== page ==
The former official said investigators would likely be focusing on U.S. soil.
“The proximity to the homeland would be an indication to investigators that the individual is someone associated with domestic groups trying to instill fear,” the former official told Newsweek.
While the reports coincide closely with the one-year anniversary of Soleimani’s slaying, instability also threatened the U.S. homeland, where Trump has refused to recognize his electoral loss to President-elect Joe Biden. The president has called on supporters to rally in the capital this Wednesday in protest of his rival’s anticipated certification by lawmakers in Congress.
“This is an anti-Iran rhetoric and the Iranians are patient and they are not going to forecast,” the second official told Newsweek. “The Iranians would never attack U.S. soil because it would certainly mean an overwhelming response by the U.S. It’s more likely this is an act to benefit the protests scheduled for tomorrow in support of President Trump.”
A third source, another senior U.S. intelligence official, said the threat level could not yet be established, but maintained that authorities would be on alert.
“After reviewing the initial reports, the credibility of such a threat cannot yet be determined,” the official told Newsweek. “But certainly in an instance such as this, where national security is threatened, the intelligence community and law enforcement agencies take this very seriously and will investigate and act accordingly to protect the United States and its citizens.”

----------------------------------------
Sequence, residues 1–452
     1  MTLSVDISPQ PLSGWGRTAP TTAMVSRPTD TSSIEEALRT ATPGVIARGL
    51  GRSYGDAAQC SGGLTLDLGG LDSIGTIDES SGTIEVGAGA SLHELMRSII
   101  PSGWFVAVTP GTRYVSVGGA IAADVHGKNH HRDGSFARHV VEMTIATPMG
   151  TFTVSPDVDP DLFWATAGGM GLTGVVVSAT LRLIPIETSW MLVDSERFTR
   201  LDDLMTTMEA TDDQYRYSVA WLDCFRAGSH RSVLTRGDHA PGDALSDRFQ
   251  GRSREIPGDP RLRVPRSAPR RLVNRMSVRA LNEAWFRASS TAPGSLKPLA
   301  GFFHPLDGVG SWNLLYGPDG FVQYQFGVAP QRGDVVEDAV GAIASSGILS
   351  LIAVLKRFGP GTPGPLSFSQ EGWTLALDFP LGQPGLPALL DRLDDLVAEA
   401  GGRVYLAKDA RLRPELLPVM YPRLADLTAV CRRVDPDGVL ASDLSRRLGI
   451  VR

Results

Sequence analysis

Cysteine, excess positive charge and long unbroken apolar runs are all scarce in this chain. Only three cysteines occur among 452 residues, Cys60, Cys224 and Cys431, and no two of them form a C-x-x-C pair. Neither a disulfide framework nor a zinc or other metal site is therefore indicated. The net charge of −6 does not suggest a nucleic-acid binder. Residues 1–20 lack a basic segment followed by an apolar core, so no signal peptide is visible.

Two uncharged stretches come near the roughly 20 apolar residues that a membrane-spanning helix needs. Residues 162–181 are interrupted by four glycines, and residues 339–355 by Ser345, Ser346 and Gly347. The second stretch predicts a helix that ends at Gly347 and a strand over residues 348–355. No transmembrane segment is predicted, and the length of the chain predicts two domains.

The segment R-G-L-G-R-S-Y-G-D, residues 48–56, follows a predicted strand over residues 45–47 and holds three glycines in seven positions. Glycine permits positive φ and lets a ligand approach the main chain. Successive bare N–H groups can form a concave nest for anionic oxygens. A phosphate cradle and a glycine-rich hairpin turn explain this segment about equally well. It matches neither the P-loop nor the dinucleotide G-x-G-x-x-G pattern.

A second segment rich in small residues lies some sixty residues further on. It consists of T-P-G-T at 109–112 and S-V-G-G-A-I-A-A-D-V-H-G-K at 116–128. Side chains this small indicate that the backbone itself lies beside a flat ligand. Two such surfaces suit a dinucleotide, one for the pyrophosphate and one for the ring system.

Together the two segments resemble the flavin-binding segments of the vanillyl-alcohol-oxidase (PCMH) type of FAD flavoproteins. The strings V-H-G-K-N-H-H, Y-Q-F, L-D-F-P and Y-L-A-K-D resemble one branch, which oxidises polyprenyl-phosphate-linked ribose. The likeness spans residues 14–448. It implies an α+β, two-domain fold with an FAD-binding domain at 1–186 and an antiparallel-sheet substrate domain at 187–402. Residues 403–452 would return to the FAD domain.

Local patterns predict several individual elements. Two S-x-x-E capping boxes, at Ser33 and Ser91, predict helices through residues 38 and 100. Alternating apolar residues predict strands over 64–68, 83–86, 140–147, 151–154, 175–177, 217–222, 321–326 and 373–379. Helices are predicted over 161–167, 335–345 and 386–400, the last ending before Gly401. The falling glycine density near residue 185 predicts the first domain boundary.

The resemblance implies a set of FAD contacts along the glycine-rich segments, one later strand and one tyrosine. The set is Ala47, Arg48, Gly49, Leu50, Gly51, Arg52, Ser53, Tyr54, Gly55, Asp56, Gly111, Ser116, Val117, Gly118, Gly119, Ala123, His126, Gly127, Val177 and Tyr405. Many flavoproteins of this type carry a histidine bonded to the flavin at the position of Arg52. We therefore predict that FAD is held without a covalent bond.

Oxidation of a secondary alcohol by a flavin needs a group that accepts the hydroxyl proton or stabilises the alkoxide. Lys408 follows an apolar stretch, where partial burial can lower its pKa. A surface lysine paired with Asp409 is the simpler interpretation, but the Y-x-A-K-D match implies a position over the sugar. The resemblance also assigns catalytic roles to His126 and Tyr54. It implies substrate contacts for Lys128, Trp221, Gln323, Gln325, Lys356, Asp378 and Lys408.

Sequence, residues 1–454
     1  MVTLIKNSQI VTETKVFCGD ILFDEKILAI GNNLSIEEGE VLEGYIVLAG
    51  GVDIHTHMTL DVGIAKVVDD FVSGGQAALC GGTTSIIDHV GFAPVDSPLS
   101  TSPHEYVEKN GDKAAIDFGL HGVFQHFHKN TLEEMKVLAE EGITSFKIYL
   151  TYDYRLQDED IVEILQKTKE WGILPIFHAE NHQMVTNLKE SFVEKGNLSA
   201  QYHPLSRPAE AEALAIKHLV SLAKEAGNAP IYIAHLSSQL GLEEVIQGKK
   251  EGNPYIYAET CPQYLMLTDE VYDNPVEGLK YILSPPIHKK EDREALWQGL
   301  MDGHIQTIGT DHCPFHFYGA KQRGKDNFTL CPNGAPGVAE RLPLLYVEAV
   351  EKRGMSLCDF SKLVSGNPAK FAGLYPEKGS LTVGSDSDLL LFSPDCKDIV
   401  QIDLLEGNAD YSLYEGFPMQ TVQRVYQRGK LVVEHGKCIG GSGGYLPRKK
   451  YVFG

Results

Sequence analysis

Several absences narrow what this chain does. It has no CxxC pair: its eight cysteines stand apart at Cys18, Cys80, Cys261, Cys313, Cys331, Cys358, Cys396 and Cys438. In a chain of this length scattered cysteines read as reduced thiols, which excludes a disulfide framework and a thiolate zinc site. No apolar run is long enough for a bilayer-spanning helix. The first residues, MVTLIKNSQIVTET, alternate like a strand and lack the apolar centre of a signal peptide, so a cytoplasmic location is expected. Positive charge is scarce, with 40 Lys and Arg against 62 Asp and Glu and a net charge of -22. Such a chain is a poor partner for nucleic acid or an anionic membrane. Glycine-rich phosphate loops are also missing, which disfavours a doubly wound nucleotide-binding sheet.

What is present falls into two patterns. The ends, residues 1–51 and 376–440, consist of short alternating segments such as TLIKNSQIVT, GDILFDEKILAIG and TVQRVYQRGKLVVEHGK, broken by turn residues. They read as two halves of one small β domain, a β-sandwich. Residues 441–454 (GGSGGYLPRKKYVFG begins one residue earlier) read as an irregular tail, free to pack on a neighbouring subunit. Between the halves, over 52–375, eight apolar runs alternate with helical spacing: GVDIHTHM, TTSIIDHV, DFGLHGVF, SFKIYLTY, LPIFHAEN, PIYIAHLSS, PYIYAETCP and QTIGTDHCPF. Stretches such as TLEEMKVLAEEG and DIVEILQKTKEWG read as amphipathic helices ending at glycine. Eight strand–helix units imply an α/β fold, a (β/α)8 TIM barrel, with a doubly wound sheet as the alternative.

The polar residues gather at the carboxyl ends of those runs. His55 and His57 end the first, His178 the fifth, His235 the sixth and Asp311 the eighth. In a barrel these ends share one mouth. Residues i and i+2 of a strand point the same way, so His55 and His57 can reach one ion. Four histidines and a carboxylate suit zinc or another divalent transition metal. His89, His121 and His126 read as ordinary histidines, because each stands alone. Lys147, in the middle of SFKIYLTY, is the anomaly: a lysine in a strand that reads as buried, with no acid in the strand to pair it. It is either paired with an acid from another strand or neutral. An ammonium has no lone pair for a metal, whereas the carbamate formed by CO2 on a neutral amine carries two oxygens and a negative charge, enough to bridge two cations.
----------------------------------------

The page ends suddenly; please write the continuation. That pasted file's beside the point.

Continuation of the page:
“With heightened security in the nation’s capital already, resources are available and being expended to ensure the safety of government officials, staff, and facilities,” the official added.
No culprit for the rogue radio message has been identified, and those familiar with such technology behind the broadcast said it would be incredibly difficult to pinpoint the origin of the threat.
“How are you gonna trace this? It’s like using Facebook Live with a burner phone,” said an F-15 aviator who spoke to Newsweek on condition of anonymity, as they were not authorized to speak to the media.
The aviator also indicated their technique proved a certain degree of skill.
“The fact that this happened in the NY metropolitan area—holy sh**,” the aviator said. “You need to have some level of sophistication.”
Another source with aviation experience felt, however, that such a move could leave a trail.
“The minute they key that mic there is a non-zero chance of you getting caught,” a former military pilot who also requested anonymity told Newsweek. “It’s very overt and there are people who look for this all day everyday.”